(Pittsburgh) (2018)—The Pittsburgh Zoo & PPG Aquarium was honored by their peers at the recent Zoological Association of America annual conference for their successful Amur tiger population management program and for the design of the Zoo’s most recent exhibit, Jungle Odyssey.
“We are proud of our work every day at the Zoo,” says Dr. Barbara Baker, President and CEO of the Pittsburgh Zoo & PPG Aquarium. “And to be honored for our efforts by one of the top zoological associations is extremely rewarding.”
Significant Propagation and Length of Commitment to a Single Species—The Pittsburgh Zoo & PPG Aquarium’s Amur tiger population management program.
Forty nine years ago, the first-ever Amur tigers arrived in Pittsburgh at the Zoo on August 25, 1969, beginning the Zoo’s long relationship with Amur tigers. In 1973, the first-ever tiger cubs were born. Through the years, 13 different generations of Amur tigers have been born, producing 259 descendants to date. For a species facing near extinction in the wild, successful efforts to breed Amur tigers in Zoos is vital to saving this iconic species.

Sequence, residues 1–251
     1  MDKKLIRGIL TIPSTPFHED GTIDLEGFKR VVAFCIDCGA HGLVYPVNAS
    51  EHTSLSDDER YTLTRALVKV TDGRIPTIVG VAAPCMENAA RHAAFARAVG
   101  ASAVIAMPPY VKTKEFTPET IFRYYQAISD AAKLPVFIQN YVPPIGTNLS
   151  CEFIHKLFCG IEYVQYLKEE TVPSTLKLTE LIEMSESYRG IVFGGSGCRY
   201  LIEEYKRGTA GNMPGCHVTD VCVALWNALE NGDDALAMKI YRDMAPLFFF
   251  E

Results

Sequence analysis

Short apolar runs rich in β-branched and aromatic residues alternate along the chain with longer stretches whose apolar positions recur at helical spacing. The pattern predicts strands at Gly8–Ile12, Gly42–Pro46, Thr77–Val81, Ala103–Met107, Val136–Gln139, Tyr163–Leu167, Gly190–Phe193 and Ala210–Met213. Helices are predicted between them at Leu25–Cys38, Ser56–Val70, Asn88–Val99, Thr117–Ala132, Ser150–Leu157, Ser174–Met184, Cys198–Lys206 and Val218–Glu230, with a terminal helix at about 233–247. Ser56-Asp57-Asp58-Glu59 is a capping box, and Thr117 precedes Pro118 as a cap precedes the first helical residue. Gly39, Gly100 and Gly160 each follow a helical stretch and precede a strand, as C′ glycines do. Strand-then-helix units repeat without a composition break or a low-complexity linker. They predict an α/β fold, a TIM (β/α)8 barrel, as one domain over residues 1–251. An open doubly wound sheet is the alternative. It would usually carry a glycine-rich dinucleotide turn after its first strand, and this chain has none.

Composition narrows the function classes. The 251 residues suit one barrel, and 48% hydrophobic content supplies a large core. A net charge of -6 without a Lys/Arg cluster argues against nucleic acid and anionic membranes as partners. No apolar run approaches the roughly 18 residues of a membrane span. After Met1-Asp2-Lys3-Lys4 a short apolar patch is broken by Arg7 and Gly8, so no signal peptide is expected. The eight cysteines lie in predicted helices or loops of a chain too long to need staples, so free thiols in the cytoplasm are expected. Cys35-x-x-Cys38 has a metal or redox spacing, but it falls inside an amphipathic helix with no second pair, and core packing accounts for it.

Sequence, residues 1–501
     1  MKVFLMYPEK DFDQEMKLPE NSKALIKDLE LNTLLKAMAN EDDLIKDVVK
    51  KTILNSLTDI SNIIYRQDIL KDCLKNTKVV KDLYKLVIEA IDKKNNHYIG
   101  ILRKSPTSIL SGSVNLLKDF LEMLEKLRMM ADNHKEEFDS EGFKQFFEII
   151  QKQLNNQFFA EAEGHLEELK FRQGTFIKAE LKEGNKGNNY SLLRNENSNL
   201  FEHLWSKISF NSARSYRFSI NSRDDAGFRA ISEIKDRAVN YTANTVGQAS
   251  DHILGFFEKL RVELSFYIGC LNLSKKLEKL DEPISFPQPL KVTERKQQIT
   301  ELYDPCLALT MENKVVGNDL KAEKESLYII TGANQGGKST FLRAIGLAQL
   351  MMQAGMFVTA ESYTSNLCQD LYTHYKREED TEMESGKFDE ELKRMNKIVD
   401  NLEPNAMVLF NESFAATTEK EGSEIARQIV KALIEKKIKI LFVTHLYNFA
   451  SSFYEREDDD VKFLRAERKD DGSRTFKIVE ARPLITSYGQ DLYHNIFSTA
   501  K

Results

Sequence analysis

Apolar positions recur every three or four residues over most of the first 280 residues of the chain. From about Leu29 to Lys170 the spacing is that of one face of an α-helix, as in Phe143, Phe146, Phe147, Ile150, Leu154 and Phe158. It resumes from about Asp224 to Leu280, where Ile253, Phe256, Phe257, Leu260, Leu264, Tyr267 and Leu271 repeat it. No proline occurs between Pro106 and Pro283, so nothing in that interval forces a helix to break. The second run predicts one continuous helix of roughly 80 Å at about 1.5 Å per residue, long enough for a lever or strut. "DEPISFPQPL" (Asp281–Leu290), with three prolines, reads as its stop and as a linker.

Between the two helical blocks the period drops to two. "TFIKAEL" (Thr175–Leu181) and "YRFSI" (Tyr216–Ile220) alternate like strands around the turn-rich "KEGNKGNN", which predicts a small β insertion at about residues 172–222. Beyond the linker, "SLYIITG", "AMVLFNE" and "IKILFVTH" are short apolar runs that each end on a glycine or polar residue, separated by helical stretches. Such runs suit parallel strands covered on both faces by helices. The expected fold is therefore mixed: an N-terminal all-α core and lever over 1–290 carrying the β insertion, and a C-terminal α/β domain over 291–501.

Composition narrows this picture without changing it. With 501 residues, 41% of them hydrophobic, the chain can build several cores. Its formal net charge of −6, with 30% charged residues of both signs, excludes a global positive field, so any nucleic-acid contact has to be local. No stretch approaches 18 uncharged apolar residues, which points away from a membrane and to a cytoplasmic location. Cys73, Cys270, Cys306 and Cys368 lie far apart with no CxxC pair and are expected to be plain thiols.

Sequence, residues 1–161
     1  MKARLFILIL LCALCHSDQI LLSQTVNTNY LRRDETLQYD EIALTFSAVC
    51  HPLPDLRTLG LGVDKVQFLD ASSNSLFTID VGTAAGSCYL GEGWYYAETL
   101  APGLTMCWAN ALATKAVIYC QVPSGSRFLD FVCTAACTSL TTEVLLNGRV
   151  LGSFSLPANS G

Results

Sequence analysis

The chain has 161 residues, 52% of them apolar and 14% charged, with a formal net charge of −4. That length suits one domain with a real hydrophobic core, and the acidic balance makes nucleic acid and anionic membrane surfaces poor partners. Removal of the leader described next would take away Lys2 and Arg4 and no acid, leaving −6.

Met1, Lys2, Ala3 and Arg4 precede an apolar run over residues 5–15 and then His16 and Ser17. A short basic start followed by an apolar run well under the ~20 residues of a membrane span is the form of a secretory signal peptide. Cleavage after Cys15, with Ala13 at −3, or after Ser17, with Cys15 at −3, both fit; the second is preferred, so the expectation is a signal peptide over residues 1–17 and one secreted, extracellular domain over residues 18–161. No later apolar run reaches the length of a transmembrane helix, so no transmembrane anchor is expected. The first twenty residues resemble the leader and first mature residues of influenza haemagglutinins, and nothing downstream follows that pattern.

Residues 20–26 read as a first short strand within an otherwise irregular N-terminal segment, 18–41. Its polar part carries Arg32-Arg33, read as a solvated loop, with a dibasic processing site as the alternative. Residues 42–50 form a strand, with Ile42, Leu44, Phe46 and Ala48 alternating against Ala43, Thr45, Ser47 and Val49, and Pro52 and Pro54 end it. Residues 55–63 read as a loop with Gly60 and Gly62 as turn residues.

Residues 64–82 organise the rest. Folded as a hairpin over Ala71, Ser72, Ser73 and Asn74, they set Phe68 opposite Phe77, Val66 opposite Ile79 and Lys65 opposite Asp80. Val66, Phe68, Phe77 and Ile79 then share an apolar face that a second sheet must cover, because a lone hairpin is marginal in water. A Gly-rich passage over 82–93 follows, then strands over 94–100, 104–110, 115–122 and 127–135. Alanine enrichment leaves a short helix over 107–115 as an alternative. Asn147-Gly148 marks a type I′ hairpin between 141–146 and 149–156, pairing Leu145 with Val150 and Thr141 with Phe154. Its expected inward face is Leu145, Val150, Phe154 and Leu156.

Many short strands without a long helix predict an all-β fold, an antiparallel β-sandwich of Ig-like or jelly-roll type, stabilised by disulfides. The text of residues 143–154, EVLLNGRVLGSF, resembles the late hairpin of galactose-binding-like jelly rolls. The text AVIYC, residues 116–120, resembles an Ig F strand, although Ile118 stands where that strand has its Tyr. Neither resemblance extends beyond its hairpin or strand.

Animal Exhibit Award of Excellence—Jungle Odyssey
Finding the balance between providing great viewing opportunities for visitors and designing a perfect environment for the animals was the puzzle of Jungle Odyssey. The exhibits had to be designed with the animals’ needs and comforts in mind while also creating an educational environment for visitors. Plenty of lush green grass, tropical trees, sand, stone, and heated pools were created for the animals. Rubberized floors in the behind-the-scenes areas provided a soft surface and reduce joint stress. New enrichment and training areas now provide behavioral growth for the animals, but also allow visitors to observe natural behaviors. A large interactive termite mound for the giant anteaters was designed as enrichment for the animals, as well as for the visitors. Seeing capybaras, the world’s largest rodents, mingling with giant anteaters creates a fun discussion for visitors. The ocelots’ and fossas’ interactions with keepers also thrill visitors, and the pygmy hippo, playing in the mud on land or diving in the water, always manages to catch our visitors’ eye.